2017 was a long, brutal year. On top of political strife, industry shenanigans, and personal/professional chaos, it was also the first full calendar year I spent out of school and thus removed from automatic contact with a big group of my friends. But in the last few months, games not only gave me an explicit reason to reach out and connect with a group of people whose company I cherish, but also an outlet to explore stories I would never otherwise have told.

Since May of 2017, I’ve accidentally found myself at the center of a political coup in a space station; I’ve prowled the streets of a ghostly city, seeking revenge on the man who ruined my career; I’ve bonded with a motley crew of 20-somethings and strange supernatural creatures as we set up Hell’s very first bakery, and I’ve gone on countless other adventures in worlds that are just as varied. I play tabletop RPGs because I love them … and I love them because they keep me connected to my friends and empower us to tell stories together.

While I love talking and thinking about narrative, I’ve always struggled with (read: been largely incapable of) traditional creative writing. In general, I either fail to come up with even a glimmer of a concept or my inner critic shoots down anything I do find before it’s even halfway formed. Beyond that, I find it incredibly difficult to stay motivated on projects that don’t involve some sort of teamwork or collaboration—I would much rather be creating things with friends than going at it alone, and writing can often be a lonely practice. Tabletop RPGs, especially narrative-based ones like Fiasco, The Quiet Year, or even Dungeon World, remove some of those barriers.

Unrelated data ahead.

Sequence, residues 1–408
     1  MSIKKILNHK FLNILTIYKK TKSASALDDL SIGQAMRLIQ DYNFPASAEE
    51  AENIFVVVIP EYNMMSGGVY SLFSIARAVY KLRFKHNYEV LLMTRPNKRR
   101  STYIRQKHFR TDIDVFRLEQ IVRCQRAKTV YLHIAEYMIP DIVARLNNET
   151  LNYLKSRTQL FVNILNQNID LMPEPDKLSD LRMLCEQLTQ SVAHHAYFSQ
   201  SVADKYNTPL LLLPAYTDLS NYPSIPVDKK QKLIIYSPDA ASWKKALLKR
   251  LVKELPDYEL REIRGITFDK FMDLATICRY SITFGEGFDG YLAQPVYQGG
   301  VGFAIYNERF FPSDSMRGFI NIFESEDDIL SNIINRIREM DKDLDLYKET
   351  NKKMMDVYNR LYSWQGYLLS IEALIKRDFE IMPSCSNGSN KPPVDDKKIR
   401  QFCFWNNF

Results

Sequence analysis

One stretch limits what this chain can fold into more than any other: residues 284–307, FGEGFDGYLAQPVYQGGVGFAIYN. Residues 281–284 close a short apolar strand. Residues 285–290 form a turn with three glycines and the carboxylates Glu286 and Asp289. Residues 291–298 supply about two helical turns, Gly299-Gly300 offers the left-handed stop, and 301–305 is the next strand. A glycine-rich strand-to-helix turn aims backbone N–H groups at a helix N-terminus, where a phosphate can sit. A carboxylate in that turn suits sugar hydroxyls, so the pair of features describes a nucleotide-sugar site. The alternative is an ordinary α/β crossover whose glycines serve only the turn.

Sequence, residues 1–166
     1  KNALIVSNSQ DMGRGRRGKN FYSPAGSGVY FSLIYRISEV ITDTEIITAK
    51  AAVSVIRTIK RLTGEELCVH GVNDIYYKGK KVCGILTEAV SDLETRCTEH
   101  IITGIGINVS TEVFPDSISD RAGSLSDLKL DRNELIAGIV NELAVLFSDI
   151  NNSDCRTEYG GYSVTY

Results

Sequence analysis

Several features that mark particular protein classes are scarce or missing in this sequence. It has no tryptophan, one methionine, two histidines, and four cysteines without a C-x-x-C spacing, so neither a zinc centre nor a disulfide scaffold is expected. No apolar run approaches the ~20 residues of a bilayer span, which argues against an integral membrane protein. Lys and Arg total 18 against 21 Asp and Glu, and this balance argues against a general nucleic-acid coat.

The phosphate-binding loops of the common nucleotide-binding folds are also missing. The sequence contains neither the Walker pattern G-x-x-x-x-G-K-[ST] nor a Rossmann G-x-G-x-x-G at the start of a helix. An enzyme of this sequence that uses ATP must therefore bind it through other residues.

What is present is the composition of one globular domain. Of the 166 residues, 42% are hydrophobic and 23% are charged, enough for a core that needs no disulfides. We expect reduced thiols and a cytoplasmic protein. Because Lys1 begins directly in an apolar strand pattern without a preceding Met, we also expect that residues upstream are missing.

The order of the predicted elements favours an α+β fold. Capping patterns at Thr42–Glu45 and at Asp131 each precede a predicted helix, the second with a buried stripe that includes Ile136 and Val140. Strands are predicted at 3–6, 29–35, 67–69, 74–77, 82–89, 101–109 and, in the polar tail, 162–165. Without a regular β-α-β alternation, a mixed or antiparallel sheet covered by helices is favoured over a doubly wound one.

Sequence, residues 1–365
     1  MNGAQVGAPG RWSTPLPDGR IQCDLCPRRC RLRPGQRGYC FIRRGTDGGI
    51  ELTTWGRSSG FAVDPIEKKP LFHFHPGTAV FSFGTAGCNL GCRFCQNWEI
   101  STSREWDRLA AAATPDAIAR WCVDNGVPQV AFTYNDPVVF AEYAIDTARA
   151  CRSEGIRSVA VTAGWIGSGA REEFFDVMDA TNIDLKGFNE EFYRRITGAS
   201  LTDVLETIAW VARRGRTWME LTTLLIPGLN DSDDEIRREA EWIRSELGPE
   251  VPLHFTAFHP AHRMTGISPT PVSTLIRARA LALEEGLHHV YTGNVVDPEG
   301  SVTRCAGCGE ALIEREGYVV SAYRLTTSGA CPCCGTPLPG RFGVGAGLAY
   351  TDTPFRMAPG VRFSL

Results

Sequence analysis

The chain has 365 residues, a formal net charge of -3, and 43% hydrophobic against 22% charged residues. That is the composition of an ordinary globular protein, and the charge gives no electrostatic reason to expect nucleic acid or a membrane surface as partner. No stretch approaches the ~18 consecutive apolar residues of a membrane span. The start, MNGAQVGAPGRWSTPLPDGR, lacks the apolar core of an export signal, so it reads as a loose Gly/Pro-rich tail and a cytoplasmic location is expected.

Our horrible baker children, from left to right: Matthias, Lydia, Eli, and Ari. All drawn by Zora Gilbert; created by various players.

RPGs are also one of the only times I draw these days! Meet our horrible baker children, from left to right: Matthias, Eli, Lydia, and Ari (my character!).

One of the reasons that I love playing RPGs is because, while my interest in them is primarily based around the stories they help tell, they are still games. As such, they operate according to a set of rules, and more often than not these rules echo the kinds of things you learn in basic writing courses: Misspent Youth operates on a seven-act structure that mimics a modified plot roller coaster, and Apocalypse World’s emphasis on fitting moves to actions instead of actions to moves echoes the old “show, don’t tell” adage. By carefully outlining turn structure and play expectations, the systems essentially provide narrative scaffolding, creating a good jumping off point for players and setting up a structure that makes it easier to choose what happens next.